- The Washington Times - Sunday, March 19, 2006

From combined dispatches

KARBALA, Iraq — Hundreds of thousands of Shi’ite pilgrims flocked to the holy Iraqi city of Karbala yesterday amid tight security to foil any sectarian attack.

Flying flags and flailing themselves, a sea of people filled roads to Karbala ahead of Arbain, mourning the dead in a seventh-century battle that confirmed a schism in Islam, which has left Iraq dangerously divided between Sunnis and Shi’ites today.

The proceedings, which culminate this evening, were calm aside from a mortar round that hurt no one but was a reminder of bombings that have caused carnage at Shi’ite rituals.

Authorities deployed at least 8,000 Iraqi police officers and soldiers in the city. Local officials say they expect up to 2 million people to attend this evening’s ceremonies in the city, 70 miles southwest of Baghdad.

“I walked here from Basra to declare loyalty to Imam Hussein, but I’m afraid because I expect a blast to kill me at any minute,” said Samer Kathum as he took a rest from his 250-mile pilgrimage in a tent outside Karbala.

At least four pilgrims walking from Baghdad were killed in shootings and a roadside bombing in the past two days. In March 2004, attacks on pilgrims in Karbala and Baghdad killed more than 170 people.

Residents said police were patrolling the streets with members of the Shi’ite Mahdi Army militia of anti-U.S. cleric Muqtada al-Sadr. Plainclothes policemen, their weapons concealed, were mingling with pilgrims.

A sand bank has been built around the city to control access, residents said. Police also set up checkpoints up to 12 miles from the city and told pilgrims arriving by car to leave their vehicles and proceed on foot.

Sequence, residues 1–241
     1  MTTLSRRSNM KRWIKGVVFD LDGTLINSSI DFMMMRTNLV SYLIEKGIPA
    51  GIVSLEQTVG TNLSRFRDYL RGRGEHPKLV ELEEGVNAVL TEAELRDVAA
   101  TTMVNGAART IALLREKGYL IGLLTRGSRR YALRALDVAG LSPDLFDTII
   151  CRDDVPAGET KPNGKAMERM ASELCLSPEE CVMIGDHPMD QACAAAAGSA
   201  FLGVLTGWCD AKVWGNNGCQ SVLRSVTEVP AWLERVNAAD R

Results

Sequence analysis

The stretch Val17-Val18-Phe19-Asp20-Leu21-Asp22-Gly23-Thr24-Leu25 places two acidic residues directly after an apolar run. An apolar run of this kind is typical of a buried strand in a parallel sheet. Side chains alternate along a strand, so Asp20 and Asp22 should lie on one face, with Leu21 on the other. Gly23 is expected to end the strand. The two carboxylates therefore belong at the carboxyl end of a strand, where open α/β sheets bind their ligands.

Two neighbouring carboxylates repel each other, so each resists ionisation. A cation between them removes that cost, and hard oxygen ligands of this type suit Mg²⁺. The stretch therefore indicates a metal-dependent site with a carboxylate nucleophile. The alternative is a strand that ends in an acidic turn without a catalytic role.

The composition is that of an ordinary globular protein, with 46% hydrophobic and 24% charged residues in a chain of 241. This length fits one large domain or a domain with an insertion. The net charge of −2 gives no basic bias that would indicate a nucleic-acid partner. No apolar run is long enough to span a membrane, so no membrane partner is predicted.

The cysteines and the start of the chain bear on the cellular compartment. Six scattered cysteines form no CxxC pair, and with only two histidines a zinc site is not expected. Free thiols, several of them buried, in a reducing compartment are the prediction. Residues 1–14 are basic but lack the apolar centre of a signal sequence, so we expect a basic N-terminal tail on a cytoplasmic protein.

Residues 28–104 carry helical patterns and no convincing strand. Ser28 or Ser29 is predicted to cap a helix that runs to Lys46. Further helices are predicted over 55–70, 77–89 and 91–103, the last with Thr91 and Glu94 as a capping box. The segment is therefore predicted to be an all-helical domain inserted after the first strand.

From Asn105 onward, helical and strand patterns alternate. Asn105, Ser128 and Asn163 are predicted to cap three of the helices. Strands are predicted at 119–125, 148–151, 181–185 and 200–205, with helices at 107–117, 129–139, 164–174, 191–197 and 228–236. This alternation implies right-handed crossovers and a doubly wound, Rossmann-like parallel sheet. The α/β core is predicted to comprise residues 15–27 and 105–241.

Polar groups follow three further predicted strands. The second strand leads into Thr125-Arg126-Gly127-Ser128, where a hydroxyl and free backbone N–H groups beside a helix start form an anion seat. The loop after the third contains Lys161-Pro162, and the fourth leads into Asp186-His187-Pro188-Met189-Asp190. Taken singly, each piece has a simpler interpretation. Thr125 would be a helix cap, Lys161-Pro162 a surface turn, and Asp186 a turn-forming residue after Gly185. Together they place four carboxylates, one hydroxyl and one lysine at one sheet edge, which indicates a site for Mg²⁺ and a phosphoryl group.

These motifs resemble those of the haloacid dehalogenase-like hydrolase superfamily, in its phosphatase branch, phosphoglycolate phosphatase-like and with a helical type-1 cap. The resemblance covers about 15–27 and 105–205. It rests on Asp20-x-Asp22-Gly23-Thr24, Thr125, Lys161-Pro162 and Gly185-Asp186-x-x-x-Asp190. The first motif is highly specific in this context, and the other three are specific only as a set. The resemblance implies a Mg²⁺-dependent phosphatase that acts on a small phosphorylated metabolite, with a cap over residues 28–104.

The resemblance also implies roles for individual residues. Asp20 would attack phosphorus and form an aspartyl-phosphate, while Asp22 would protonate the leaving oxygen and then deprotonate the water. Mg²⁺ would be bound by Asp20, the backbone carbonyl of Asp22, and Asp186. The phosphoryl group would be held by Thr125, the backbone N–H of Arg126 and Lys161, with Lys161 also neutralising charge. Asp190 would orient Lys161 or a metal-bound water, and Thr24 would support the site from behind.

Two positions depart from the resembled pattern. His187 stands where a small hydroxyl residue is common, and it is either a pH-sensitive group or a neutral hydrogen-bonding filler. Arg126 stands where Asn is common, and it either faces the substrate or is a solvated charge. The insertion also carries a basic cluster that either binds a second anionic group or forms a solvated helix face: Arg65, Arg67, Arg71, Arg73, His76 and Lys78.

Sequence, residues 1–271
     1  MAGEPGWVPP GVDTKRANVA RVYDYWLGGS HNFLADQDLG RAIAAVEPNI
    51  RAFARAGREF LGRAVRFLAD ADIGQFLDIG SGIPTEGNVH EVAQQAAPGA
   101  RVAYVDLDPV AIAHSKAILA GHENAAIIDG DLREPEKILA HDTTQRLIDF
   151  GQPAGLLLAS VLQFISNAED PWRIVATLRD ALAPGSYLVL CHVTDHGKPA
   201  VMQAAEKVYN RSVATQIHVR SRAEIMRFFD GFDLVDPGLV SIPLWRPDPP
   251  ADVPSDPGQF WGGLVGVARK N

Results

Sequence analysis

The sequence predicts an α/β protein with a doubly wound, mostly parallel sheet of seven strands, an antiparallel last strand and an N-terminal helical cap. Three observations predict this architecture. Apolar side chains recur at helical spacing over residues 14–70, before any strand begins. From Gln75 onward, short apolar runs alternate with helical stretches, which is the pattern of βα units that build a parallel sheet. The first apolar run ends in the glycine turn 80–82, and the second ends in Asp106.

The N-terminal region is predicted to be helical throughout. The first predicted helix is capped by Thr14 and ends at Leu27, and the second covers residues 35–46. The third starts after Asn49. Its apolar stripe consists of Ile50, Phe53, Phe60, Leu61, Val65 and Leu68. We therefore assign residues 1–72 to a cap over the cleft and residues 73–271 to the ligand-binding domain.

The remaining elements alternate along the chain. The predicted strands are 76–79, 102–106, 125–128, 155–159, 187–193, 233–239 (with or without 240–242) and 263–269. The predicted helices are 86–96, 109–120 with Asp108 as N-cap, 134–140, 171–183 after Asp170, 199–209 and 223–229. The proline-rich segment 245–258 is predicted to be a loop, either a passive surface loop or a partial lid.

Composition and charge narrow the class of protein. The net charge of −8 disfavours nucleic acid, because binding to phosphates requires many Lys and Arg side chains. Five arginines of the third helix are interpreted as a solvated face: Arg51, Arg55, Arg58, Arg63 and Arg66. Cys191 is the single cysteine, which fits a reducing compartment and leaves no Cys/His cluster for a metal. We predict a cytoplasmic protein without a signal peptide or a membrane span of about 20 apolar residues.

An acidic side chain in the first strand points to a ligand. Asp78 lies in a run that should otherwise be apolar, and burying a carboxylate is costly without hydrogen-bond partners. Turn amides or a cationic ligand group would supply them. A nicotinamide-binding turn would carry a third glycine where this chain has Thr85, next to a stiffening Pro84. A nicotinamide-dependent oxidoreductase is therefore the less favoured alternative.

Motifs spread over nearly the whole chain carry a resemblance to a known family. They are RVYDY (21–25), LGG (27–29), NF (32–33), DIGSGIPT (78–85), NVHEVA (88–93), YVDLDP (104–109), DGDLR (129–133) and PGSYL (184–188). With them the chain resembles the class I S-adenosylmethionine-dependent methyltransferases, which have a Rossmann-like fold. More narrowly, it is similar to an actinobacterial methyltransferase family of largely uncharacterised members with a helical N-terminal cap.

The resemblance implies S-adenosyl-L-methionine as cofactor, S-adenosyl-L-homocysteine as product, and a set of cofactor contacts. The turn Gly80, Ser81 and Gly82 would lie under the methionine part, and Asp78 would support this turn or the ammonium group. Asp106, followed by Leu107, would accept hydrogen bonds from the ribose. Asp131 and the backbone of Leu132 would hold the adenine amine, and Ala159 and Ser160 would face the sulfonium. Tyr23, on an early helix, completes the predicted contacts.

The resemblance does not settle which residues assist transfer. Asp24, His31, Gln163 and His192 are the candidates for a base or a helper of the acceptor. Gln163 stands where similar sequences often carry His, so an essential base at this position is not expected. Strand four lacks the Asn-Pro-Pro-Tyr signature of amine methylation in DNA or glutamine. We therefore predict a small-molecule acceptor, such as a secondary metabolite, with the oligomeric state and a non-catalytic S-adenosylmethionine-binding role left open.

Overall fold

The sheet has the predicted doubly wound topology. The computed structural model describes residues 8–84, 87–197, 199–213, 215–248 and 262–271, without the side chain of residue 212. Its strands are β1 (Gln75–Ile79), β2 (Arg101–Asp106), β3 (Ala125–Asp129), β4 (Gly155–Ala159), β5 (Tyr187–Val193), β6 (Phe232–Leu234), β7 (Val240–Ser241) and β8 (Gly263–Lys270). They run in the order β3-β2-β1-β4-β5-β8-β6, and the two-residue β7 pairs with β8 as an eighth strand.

In Baghdad, Shi’ite, Sunni and Kurdish leaders continued struggling to form a national unity government more than three months after elections, raising fears that a political vacuum will play into the hands of insurgents and fuel violence.

In a sign of progress, politicians emerged from the fourth in a series of U.S.-brokered all-party meetings to say they had established an advisory, 19-member Security Council.

“It was a successful meeting, and we have agreed on forming a National Security Council whose powers will not contradict the constitution,” said Adnan al-Dulaimi, a Sunni Arab political leader.

Mr. al-Dulaimi said nine council seats would go to the Shi’ite majority, while Kurds and Sunni Arabs would control four seats each and the secular bloc would control two. President Jalal Talabani, a Kurd, will lead the group.

The exact powers of the council were not explained. But it appeared to have been formed to ensure that politicians from minority blocs would at least be consulted on important government and security decisions.

Twelve bodies with gunshot wounds were found around the capital, police said, apparently the latest victims of sectarian violence.

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